The 1.1 THz multi-pixel heterodyne receiver will be mounted in the Nasmyth A cabin of the 12 m APEX telescope on the Chajnantor plateau, 5000 meters altitude in northern Chile. The receiver will cover the spectral window of 1000 - 1080 GHz, where important spectral lines like CO 9-8 at 1036.9 GHz, a tracer of warm and dense gas and OH+ at 1033 GHz and NH+ at 1012.6 GHz, both important for the study of chemical networks in the ISM, are located. The multi-pixel receiver greatly enhances the science output under the difficult observing conditions in this frequency range. Two 9-pixel focal plane sub-arrays on orthogonal polarizations are installed in easily removable cartridges. We developed a new thermal link to connect the cartridges to the cryostat. Our thermal link is an all-metal design: aluminum and Invar. All the optics is fully reflective, thus avoiding the absorption and reflection losses of dielectric lenses and reducing standing waves in the receiver. To guaranty internal optics alignment, we employ a monolithic integrated optics approach for the cold optics and the Focal Plane Unit (FPU) optics modeled after the CHARM (Compact Heterodyne Array Receiver Module) concept. The receiver uses synthesizer-driven solid-state local oscillators (LO) and the mixers will be balanced SIS mixers, which are essentially based on the design of the on-chip balanced SIS mixers at 490 GHz developed in our institute. Singleended HEB mixers are used for the laboratory tests of the optics. The LO power distribution is accommodated behind the FPU optics. It is composed of the LO optics, which includes a collimating Fourier grating, and an LO distribution plate to supply LO signal to each of the 9 pixels of the sub-array. Different options for the LO coupling design and fabrication are being analyzed and will be based on in-house hybrid waveguide/planar technology. We summarize the receiver project with emphasis on the cryogenics and the optics and present laboratory test results of the cryogenics, including the thermal link's performance. Beam pattern measurements of the receiver optics are scheduled for the coming days, but unfortunately could not be included in the current paper.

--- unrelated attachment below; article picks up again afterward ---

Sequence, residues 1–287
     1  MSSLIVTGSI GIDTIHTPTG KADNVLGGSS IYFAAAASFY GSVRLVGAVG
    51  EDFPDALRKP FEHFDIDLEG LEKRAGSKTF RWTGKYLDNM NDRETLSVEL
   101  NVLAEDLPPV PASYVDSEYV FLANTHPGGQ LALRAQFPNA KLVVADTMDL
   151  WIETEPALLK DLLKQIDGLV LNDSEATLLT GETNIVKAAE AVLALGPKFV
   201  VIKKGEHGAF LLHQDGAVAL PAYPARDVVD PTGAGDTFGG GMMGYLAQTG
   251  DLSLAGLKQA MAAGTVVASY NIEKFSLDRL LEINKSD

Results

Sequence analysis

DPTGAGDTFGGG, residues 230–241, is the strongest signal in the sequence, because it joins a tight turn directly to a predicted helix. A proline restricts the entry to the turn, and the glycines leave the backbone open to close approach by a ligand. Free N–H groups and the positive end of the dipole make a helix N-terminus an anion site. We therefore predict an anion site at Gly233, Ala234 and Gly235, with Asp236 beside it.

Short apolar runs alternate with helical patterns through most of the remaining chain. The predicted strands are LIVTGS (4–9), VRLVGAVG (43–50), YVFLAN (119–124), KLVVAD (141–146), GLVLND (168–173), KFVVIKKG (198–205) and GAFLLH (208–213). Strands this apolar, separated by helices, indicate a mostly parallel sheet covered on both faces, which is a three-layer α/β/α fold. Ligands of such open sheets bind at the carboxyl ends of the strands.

Supercam is a 345 GHz, 64-pixel heterodyne imaging array for the Heinrich Hertz Submillimeter Telescope
(HHSMT). By integrating SIS mixer devices with Low Noise Ampliers (LNAs) in 8 - 1x8 pixel modules, the
size needed for the cryostat and the complexity of internal wiring is signicantly reduced. All subsystems
including the optics, cryostat, bias system, IF boxes, and spectrometer have been integrated for all 64 pixels. In
the spring of 2012, SuperCam was installed on the HHSMT for an engineering run where it underwent system
level tests and performed rst light observations. In the fall of 2012 SuperCam will begin a 500 square degree
survey of the Galactic Plane in 12CO J=3-2. This large-scale survey will help answer fundamental questions
about the formation, physical conditions, and energetics of molecular clouds within the Milky Way. The data
set will be available via the web to all interested researchers.
The Stratospheric TeraHertz Observatory (STO) is a NASA funded, Long Duration Balloon (LDB) experiment designed to
address a key problem in modern astrophysics: understanding the Life Cycle of the Interstellar Medium (ISM). STO will
survey a section of the Galactic plane in the dominant interstellar cooling line [C II] (1.9 THz) and the important star
formation tracer [N II] (1.46 THz) at ~1 arc minute angular resolution, sufficient to spatially resolve atomic, ionic and
molecular clouds at 10 kpc. STO itself has three main components; 1) an 80 cm optical telescope, 2) a THz instrument
package, and 3) a gondola . Both the telescope and gondola have flown on previous experiments [2,3]. They have been reoptimized
for the current mission. The science flight receiver package will contain four [CII] and four [NII] HEB mixers,
coupled to a digital spectrometer. The first engineering test flight of STO was from Ft. Sumner, NM on October 15, 2009.
The ~30 day science flight is scheduled for December 2011.
We report on both laboratory and telescope integration results from SuperCam, a 64 pixel imaging spectrometer
designed for operation in the astrophysically important 870 micron atmospheric window. SuperCam will be used to
answer fundamental questions about the physics and chemistry of molecular clouds in the Galaxy and their direct
relation to star and planet formation. The SuperCam key project is a fully sampled Galactic plane survey covering over
500 square degrees of the Galaxy in 12CO(3-2) and 13CO(3-2) with 0.3 km/s velocity resolution